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The Truth About Indoor Tanning

The cost of a single phototherapy session – which utilizes indoor tanning equipment in a dermatologist’s office – is nearly $100 per session, about 20 times more than an indoor tanning session. An estimated 1.5 million indoor tanning clients today successfully treat psoriasis in indoor tanning facilities.

Millions of indoor tanning customers frequent U.S. indoor tanning salons for their own self-treatment of cosmetic skin conditions and other non-cosmetic tanning reasons – physiologic benefits that can occur when one follows the cosmetic regimen at a tanning facility. According to a 2010 Smart Tan survey: More than three million consumers frequent tanning salons for self-treatment of psoriasis, eczema, acne, vitiligo, seasonal affective disorder (SAD) and to increase vitamin D levels. Approximately one million indoor tanners said they were referred to tanning facilities by their dermatologist. Could Indoor Tanning Be a Surrogate for What Nature Intended? Vitamin D production is one of the benefits that has been associated with human exposure to ultraviolet-B (UVB) emitted in sunlight and by an estimated 90 percent of commercial indoor tanning equipment. While the North American indoor tanning industry conducts indoor tanning as a cosmetic service, an undeniable physiological side effect of this service is that indoor tanning clients manufacture sufficient levels of vitamin D as a result of indoor tanning sessions. Vitamin D is a hormone produced naturally when skin is exposed to UVB in sunlight or indoor tanning units. Scientists through thousands of studies now recommend vitamin D blood levels of 40-60 ng/ml. Only those who get regular UV exposure have those levels naturally: Indoor Tanners…………………..….42-49 ng/ml……………………...Sufficient Non-Tanners……………….………….23-25 ng/ml……………………...Deficient Dermatologists…………….………..13-14 ng/ml……………………...Severe Deficiency Vitamin D sufficiency is linked to a reduction in 105 diseases, including heart disease, diabetes, multiple sclerosis and most forms of cancer.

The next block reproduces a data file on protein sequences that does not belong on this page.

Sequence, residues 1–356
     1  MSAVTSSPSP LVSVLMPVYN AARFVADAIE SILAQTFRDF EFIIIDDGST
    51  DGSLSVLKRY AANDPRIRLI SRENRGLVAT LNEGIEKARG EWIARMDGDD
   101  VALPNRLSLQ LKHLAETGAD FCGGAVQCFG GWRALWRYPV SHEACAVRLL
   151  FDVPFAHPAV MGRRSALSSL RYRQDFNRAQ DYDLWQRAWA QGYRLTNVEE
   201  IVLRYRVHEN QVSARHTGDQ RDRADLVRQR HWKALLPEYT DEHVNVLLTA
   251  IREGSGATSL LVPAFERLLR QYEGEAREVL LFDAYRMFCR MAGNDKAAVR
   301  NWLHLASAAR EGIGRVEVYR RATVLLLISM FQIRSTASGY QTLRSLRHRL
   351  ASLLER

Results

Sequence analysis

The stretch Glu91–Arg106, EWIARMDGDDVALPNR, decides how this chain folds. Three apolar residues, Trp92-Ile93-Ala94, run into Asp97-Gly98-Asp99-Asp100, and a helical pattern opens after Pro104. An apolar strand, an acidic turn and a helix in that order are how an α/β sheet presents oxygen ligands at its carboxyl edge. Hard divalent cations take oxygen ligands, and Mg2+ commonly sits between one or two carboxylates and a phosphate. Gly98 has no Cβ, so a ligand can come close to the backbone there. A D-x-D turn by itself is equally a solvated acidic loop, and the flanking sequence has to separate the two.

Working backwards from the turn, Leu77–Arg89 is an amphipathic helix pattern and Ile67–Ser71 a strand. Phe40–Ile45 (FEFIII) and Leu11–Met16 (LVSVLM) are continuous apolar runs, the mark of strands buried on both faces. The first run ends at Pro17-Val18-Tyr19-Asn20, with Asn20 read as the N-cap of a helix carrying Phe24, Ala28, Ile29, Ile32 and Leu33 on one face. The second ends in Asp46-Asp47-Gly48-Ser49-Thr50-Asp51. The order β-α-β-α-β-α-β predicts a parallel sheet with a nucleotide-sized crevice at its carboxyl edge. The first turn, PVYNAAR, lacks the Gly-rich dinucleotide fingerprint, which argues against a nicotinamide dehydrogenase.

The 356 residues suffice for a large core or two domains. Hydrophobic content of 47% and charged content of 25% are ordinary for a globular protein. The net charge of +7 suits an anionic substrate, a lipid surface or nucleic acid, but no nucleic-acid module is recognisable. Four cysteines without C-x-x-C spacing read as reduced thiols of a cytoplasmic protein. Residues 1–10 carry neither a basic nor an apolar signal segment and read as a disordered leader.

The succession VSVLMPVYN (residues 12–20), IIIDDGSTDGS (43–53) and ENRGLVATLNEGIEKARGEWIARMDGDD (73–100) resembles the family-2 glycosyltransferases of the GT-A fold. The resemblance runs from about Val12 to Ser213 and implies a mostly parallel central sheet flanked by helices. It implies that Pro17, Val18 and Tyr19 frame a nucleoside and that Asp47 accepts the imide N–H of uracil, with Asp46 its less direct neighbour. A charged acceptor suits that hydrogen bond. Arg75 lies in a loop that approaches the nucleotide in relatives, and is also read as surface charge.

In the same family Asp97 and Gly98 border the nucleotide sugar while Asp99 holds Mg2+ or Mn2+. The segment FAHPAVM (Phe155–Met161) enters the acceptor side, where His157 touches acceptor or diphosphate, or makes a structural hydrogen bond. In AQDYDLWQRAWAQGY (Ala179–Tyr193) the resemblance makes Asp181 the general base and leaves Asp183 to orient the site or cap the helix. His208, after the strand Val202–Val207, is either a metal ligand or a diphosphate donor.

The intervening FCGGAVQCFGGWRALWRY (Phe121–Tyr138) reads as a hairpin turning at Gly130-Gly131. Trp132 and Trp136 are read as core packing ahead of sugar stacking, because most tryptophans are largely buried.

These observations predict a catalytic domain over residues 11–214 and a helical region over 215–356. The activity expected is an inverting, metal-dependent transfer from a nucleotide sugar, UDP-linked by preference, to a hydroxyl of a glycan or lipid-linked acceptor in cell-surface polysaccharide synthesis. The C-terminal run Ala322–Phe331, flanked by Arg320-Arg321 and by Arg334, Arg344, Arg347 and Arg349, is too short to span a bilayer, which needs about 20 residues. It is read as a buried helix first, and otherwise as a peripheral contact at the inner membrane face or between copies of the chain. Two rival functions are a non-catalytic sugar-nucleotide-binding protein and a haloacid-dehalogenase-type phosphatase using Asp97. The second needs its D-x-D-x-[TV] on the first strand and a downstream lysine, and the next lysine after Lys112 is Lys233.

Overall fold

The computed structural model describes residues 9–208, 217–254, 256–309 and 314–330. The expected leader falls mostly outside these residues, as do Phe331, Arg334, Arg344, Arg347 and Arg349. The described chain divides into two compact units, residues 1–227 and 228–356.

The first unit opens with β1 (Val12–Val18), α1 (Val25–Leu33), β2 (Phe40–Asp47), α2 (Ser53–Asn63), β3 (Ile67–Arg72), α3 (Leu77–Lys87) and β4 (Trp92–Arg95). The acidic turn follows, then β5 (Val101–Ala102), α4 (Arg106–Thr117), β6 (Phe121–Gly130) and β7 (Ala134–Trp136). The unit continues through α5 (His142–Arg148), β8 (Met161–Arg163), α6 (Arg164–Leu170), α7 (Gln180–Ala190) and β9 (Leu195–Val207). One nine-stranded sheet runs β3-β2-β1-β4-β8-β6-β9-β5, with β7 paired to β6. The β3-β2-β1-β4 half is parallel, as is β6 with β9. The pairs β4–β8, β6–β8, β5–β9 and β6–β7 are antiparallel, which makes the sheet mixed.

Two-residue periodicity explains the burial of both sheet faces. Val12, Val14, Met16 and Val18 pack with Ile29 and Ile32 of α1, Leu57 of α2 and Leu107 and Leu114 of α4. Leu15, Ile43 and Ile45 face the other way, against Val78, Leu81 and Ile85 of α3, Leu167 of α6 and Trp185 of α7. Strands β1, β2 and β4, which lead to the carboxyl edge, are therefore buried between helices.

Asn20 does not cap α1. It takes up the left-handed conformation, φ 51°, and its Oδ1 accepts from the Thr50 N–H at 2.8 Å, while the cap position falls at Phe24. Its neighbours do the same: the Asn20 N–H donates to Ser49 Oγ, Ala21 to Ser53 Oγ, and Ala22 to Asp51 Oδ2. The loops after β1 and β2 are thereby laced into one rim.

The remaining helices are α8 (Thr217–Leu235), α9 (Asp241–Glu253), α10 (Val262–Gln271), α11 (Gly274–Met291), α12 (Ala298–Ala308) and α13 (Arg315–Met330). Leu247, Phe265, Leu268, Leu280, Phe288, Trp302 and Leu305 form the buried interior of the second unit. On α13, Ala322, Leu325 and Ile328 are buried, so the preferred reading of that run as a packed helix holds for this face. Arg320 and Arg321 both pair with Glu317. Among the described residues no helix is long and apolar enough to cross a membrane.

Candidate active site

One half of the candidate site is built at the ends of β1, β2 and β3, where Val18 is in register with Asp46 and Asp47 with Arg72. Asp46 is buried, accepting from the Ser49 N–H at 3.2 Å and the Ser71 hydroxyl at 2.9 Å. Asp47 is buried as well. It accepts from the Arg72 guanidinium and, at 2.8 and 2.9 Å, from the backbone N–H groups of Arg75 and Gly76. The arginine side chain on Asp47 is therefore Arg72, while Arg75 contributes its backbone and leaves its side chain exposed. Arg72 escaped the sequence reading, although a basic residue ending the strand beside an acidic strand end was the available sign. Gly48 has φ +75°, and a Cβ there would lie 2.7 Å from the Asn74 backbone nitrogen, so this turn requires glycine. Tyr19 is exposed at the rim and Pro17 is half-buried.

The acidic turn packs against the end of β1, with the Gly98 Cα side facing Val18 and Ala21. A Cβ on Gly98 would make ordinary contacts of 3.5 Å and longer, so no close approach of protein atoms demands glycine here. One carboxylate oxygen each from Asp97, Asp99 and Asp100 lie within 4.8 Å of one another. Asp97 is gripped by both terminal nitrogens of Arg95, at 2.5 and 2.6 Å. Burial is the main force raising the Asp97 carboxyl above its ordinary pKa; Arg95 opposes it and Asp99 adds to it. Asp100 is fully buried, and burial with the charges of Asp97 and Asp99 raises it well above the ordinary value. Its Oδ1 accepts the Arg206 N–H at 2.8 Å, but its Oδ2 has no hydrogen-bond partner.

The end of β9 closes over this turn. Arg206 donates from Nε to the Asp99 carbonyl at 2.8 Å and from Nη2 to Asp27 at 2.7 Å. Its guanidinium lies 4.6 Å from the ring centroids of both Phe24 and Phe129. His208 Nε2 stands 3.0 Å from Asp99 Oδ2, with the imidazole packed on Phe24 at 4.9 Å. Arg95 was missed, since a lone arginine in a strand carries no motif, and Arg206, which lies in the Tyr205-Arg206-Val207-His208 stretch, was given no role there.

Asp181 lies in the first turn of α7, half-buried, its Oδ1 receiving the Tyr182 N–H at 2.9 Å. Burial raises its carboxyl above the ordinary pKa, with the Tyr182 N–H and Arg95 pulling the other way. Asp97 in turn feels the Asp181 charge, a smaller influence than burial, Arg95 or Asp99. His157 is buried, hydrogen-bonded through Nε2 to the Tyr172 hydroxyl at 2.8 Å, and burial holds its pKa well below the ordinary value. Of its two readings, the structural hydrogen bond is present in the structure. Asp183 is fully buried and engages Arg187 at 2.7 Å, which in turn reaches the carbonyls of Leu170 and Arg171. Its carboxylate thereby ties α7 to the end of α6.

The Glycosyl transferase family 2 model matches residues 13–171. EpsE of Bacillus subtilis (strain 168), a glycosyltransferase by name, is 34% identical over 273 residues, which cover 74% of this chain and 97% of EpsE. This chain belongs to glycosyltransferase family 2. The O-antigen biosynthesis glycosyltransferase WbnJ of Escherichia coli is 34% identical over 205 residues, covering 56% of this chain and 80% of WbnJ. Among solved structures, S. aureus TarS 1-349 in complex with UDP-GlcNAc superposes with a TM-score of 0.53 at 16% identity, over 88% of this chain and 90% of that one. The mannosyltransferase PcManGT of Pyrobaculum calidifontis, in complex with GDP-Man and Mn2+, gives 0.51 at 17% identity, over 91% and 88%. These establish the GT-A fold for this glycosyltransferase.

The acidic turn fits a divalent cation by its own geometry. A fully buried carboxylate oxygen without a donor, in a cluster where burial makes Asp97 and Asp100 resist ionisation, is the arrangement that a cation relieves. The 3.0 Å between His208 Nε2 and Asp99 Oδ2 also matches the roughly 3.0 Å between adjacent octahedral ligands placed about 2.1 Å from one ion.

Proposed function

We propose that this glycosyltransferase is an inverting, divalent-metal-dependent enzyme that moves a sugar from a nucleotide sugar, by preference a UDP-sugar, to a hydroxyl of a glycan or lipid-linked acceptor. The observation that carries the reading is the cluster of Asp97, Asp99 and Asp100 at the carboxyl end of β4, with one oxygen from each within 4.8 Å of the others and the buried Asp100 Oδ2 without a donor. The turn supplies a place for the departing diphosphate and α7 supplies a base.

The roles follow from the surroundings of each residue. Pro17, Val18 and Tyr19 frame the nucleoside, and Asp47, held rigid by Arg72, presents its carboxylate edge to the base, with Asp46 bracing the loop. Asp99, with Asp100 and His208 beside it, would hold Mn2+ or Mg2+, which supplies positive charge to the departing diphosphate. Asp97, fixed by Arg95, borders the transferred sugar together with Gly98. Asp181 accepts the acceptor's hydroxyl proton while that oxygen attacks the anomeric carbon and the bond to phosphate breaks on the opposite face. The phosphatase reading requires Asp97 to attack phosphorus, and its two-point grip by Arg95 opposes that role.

It is believed that vitamin D deficiency contributes to nearly 400,000 premature deaths and adds a $100 billion burden to our health care system. 77 percent of Americans are considered vitamin D deficient according to government data and overzealous sun avoidance is the only plausible explanation for the 50 percent increase in that figure in the past 15 years. The indoor tanning industry believes that, for those individuals who can develop tans, the cosmetic and vitamin D-related benefits of non-burning exposure to ultraviolet light in appropriate moderation outweigh the easily manageable risks associated with overexposure and sunburn. Many doctors agree: “I believe the health benefits of exposure to UVA and UVB rays greatly outweigh the disadvantages, even if that means using a sunbed during winter months.” -British Oncologist Dr. Tim Oliver